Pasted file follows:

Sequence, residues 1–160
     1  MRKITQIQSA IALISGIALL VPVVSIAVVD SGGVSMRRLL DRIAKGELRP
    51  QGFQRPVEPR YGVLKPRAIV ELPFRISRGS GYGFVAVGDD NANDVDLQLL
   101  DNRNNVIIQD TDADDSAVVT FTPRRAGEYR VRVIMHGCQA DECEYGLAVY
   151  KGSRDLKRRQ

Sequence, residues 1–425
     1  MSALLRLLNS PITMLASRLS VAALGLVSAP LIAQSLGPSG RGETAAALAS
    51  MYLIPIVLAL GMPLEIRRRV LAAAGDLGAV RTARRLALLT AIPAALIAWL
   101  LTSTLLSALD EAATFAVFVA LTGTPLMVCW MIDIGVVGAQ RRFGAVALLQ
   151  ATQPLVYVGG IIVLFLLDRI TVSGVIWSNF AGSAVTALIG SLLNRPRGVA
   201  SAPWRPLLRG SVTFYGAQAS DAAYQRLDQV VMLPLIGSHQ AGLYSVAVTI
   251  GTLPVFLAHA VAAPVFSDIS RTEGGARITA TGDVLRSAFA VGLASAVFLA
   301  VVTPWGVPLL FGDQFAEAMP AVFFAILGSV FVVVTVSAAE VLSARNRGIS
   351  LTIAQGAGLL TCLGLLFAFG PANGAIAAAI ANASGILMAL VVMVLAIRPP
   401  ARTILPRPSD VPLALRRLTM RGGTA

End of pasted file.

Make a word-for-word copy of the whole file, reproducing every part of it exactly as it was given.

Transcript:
Sequence, residues 1–160
     1  MRKITQIQSA IALISGIALL VPVVSIAVVD SGGVSMRRLL DRIAKGELRP
    51  QGFQRPVEPR YGVLKPRAIV ELPFRISRGS GYGFVAVGDD NANDVDLQLL
   101  DNRNNVIIQD TDADDSAVVT FTPRRAGEYR VRVIMHGCQA DECEYGLAVY
   151  KGSRDLKRRQ

Sequence, residues 1–425
     1  MSALLRLLNS PITMLASRLS VAALGLVSAP LIAQSLGPSG RGETAAALAS
    51  MYLIPIVLAL GMPLEIRRRV LAAAGDLGAV RTARRLALLT AIPAALIAWL
   101  LTSTLLSALD EAATFAVFVA LTGTPLMVCW MIDIGVVGAQ RRFGAVALLQ
   151  ATQPLVYVGG IIVLFLLDRI TVSGVIWSNF AGSAVTALIG SLLNRPRGVA
   201  SAPWRPLLRG SVTFYGAQAS DAAYQRLDQV VMLPLIGSHQ AGLYSVAVTI
   251  GTLPVFLAHA VAAPVFSDIS RTEGGARITA TGDVLRSAFA VGLASAVFLA
   301  VVTPWGVPLL FGDQFAEAMP AVFFAILGSV FVVVTVSAAE VLSARNRGIS
   351  LTIAQGAGLL TCLGLLFAFG PANGAIAAAI ANASGILMAL VVMVLAIRPP
   401  ARTILPRPSD VPLALRRLTM RGGTA